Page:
* Univariate analysis — measures the effect of single variables (such as age, income, number of employees, SIC code) on our target variable. For example, as income increases, does response increase or decrease?

Other factors to evaluate include whether the predictor variable contains enough data to be statistically valid, contains valid information or garbage values, or needs to be transformed into a more “modeler friendly” format. Your statistician may do a frequency distribution and other descriptive measures to see if patterns in the data emerge.

* Bivariate analysis — this is similar to univariate analysis, except you are doing cross tabulations of two variables (e.g., SIC by number of employees) to see if more complex patterns emerge. This may reveal relationships not detectable through univariate analysis.

* Factor analysis — sometimes referred to as “dimensionality reduction analysis,” factor analysis helps to group similar variables such as home value and income to identify if they are statistically redundant. Redundant variables can be eliminated from the analysis or grouped together into composite measures.

Suppose that within your marketing database you have information on product purchases for more than 100 products. You are having a model developed to predict responsiveness to a particular catalog promotion and you know that product purchase history is likely to be a significant attribute in predicting responsiveness. In theory, each product purchased could be used as a predictor variable. But this would yield 100 possible predictors, far too many to include in a single model. Also, many of the 100 products may have an affinity to one another and, thus, somewhat redundant in predicting response. Factor analysis may help by grouping the products into a smaller number of more manageable categories, thereby reducing the number of predictor variables and leveraging more information than if the variables were considered separately.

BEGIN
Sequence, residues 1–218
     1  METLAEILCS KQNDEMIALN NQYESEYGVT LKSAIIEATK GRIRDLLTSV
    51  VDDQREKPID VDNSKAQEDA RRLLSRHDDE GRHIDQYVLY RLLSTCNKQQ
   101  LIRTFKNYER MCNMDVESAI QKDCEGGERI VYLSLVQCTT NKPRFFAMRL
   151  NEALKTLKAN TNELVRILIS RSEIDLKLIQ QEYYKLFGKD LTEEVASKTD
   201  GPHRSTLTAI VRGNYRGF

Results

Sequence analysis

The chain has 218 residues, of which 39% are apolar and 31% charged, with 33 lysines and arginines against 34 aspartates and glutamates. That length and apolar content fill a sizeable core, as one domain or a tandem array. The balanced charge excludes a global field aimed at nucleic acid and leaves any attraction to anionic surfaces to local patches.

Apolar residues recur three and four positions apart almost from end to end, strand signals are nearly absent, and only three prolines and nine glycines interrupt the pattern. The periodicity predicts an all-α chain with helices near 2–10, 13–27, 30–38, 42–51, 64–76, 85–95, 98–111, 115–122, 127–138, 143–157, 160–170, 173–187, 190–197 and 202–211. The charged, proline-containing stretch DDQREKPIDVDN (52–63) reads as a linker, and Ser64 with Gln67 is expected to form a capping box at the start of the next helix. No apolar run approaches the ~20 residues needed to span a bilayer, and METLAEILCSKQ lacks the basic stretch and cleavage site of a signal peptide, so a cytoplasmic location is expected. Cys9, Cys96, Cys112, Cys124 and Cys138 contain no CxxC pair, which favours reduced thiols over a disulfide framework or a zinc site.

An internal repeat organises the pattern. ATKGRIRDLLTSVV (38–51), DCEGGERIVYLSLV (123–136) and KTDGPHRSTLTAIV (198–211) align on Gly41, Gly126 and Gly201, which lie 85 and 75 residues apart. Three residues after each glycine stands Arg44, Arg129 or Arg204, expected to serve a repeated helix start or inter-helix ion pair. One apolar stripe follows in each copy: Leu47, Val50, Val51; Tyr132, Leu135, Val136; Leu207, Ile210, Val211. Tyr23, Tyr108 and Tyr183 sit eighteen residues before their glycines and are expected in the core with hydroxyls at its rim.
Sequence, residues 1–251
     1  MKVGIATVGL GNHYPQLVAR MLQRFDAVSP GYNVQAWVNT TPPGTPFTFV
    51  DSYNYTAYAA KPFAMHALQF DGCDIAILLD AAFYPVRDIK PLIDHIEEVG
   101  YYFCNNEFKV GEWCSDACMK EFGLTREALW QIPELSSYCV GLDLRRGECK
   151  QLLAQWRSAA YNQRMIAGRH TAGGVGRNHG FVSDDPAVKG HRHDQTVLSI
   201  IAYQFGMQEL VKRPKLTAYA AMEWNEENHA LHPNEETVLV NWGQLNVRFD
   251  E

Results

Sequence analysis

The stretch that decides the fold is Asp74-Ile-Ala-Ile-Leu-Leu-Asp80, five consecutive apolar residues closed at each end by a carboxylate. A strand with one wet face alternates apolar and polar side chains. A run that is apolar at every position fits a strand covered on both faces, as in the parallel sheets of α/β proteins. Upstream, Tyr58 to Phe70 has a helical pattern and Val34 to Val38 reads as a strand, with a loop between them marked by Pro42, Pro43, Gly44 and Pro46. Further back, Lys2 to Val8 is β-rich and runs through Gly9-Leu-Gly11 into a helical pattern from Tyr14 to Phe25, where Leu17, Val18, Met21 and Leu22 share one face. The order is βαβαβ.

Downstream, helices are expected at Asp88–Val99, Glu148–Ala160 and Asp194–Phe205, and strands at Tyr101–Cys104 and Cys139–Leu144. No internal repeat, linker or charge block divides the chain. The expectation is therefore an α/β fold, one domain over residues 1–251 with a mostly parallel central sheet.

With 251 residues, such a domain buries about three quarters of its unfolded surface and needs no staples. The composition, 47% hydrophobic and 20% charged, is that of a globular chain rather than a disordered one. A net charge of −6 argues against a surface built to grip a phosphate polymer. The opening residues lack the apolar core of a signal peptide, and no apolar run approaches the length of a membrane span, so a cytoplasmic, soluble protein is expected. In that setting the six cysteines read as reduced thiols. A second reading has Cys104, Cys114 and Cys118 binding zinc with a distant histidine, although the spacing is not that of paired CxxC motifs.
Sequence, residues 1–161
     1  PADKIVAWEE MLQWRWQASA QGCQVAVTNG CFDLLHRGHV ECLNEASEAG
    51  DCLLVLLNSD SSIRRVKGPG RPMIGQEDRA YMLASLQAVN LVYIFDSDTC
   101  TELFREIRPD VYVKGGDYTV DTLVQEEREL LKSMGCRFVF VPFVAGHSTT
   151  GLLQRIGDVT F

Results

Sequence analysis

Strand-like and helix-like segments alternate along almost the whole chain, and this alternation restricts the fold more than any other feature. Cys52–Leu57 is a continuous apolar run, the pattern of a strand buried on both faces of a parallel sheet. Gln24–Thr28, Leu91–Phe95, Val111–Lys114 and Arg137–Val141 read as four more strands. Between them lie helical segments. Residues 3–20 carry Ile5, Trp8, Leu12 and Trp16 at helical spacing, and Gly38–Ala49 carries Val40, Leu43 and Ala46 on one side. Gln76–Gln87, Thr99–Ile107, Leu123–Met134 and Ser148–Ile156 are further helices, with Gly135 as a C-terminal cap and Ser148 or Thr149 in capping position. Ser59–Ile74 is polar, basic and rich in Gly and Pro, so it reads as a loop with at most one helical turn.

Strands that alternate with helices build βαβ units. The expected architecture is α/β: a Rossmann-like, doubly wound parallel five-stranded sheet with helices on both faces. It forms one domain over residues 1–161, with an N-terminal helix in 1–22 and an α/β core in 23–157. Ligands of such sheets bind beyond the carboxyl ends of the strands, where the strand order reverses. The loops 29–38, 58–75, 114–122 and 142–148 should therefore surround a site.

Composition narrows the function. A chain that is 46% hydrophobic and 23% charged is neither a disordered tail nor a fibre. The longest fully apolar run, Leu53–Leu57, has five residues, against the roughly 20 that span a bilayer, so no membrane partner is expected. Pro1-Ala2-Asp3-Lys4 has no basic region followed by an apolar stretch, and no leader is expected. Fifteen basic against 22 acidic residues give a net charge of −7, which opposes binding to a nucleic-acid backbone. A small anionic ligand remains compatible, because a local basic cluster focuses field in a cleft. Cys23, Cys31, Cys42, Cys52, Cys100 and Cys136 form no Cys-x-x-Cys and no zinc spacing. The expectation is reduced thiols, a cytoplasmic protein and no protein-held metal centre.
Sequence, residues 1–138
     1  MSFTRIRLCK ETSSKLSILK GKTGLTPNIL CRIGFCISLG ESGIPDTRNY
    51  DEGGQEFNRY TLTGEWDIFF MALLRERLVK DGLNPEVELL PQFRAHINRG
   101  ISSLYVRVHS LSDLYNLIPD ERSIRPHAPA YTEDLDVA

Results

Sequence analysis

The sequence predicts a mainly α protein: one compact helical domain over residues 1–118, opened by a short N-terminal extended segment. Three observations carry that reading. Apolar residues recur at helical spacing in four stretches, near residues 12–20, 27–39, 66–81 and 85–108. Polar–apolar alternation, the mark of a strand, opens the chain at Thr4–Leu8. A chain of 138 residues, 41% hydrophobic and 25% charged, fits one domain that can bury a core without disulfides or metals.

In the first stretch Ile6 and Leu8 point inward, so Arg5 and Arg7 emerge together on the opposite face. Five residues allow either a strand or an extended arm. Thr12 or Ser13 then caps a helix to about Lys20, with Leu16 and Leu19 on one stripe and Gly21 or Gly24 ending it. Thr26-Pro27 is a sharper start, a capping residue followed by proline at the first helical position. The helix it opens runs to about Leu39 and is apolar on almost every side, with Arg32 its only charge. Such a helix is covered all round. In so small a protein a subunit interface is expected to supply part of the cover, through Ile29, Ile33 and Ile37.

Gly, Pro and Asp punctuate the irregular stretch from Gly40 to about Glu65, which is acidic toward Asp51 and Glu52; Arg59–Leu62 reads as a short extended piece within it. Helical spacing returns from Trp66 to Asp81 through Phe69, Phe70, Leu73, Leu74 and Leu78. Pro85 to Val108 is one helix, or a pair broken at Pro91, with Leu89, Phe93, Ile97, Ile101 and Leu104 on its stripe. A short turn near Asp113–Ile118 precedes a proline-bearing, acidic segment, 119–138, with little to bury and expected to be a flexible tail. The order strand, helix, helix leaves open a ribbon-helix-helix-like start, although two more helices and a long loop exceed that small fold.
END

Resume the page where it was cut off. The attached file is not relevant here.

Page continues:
* Cluster analysis — factor analysis is commonly, though by no means exclusively, used as a precursor to cluster analysis. Cluster analysis evaluates a large, heterogeneous population of businesses or consumers and breaks it into smaller segments with like characteristics. The primary benefit of cluster analysis is that it makes it easier to target these more homogenous, well-defined universes.